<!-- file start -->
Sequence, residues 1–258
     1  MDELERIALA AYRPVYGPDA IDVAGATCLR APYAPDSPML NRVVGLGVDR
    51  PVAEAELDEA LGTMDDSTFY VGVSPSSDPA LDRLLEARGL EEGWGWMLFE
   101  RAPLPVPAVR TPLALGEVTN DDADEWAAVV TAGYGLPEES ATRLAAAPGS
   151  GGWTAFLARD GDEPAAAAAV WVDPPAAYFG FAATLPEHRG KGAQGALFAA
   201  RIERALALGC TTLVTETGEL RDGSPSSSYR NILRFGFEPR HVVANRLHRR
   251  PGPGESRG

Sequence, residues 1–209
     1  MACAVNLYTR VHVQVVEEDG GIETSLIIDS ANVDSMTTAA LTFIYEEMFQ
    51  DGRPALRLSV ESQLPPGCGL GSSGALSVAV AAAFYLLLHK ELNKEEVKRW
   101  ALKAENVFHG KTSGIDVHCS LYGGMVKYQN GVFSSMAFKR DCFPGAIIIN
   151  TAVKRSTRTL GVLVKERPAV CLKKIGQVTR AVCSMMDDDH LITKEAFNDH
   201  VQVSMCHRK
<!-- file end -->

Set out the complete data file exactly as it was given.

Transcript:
Sequence, residues 1–258
     1  MDELERIALA AYRPVYGPDA IDVAGATCLR APYAPDSPML NRVVGLGVDR
    51  PVAEAELDEA LGTMDDSTFY VGVSPSSDPA LDRLLEARGL EEGWGWMLFE
   101  RAPLPVPAVR TPLALGEVTN DDADEWAAVV TAGYGLPEES ATRLAAAPGS
   151  GGWTAFLARD GDEPAAAAAV WVDPPAAYFG FAATLPEHRG KGAQGALFAA
   201  RIERALALGC TTLVTETGEL RDGSPSSSYR NILRFGFEPR HVVANRLHRR
   251  PGPGESRG

Sequence, residues 1–209
     1  MACAVNLYTR VHVQVVEEDG GIETSLIIDS ANVDSMTTAA LTFIYEEMFQ
    51  DGRPALRLSV ESQLPPGCGL GSSGALSVAV AAAFYLLLHK ELNKEEVKRW
   101  ALKAENVFHG KTSGIDVHCS LYGGMVKYQN GVFSSMAFKR DCFPGAIIIN
   151  TAVKRSTRTL GVLVKERPAV CLKKIGQVTR AVCSMMDDDH LITKEAFNDH
   201  VQVSMCHRK